New organic rules announced by USDA tighten restrictions on livestock and poultry producers

FILE - Cage-free chickens stand in a fenced pasture on an organic farm, Oct. 21, 2015, in Iowa. Livestock and poultry producers will need to comply with more specific standards if they want to label their products organic under final rules announced Wednesday, Oct. 25, 2023, by the U.S. Department of Agriculture. (AP Photo/Charlie Neibergall, File)

DES MOINES, Iowa (AP) — Livestock and poultry producers will need to comply with more specific standards if they want to label their products organic under final rules announced Wednesday by the U.S. Department of Agriculture.

The USDA's new Organic Livestock and Poultry Standards are being implemented after years of discussions with organics groups, farming organizations and livestock and poultry producers.

“USDA is creating a fairer, more competitive and transparent food system,” Agriculture Secretary Tom Vilsack said in a statement. "This organic poultry and livestock standard establishes clear and strong standards that will increase the consistency of animal welfare practices in organic production and in how these practices are enforced.”

The Organic Trade Association pushed hard for the new regulations, which the group said would promote consumer trust and ensure all competing companies would abide by the same rules.

“These new standards not only create a more level playing field for organic producers, but they ensure consumers that the organic meat, poultry, dairy and eggs they choose have been raised with plenty of access to the real outdoors, and in humane conditions,” said Tom Chapman, the association's CEO, in a statement.

The final rules cover areas including outdoor space requirements, living conditions for animals, maximum density regulations for poultry and how animals are cared for and transported for slaughter.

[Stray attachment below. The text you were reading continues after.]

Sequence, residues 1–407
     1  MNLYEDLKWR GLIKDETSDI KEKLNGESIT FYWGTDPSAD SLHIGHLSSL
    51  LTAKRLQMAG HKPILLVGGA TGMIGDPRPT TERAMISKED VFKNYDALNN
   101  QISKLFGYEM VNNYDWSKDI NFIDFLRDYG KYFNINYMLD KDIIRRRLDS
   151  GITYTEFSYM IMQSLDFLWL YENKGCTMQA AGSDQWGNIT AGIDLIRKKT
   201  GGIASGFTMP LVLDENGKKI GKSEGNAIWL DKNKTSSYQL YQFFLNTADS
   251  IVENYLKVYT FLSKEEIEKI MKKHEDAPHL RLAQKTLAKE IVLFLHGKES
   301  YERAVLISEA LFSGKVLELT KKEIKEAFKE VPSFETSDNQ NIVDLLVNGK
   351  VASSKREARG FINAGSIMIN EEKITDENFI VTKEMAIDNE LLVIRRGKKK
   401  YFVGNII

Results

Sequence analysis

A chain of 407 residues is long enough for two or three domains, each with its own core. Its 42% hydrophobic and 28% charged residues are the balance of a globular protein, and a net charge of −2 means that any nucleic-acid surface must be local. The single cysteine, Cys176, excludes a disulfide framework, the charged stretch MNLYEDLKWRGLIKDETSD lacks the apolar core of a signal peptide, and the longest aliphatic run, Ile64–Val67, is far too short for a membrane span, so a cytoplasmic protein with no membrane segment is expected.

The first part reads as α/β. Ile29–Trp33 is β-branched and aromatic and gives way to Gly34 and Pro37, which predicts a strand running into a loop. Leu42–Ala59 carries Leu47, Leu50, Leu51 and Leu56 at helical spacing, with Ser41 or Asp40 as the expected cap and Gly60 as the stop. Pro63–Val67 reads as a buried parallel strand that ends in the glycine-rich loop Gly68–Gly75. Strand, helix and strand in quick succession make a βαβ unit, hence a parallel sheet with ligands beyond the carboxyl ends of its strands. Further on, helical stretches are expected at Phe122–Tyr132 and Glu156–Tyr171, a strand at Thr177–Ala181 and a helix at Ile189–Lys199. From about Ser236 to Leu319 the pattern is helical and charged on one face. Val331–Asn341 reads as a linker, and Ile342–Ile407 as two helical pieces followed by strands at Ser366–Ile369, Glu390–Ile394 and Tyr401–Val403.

Under the rules, organic poultry must have year-round access to the outdoors. Organic livestock also must have year-round outdoor access and be able to move and stretch at all times. There are additional requirements for pigs regarding their ability to root and live in group housing.

Producers have a year to comply with the rules, with poultry operations given four additional years to meet rules covering outdoor space requirement for egg layers and density requirements for meat chickens.

John Brunnquell, president of Indiana-based Egg Innovations, one of the nation's largest free-range and pasture-raised egg operations, said the new rules would help him compete with companies that have an organic label but don't now give their hens daily access to the outdoors and actual ground, rather than a concrete pad.

“All of us worked under the same USDA seal, so a consumer really never knew how their organic eggs were being produced,” Brunnquell said.

The USDA's National Organic Program will oversee the new rules, working with certifiers accredited by the agency.

Organizations representing the egg and chicken meat industry as well as the pork industry and American Farm Bureau either declined to comment or didn't respond to a request to comment on the new rules.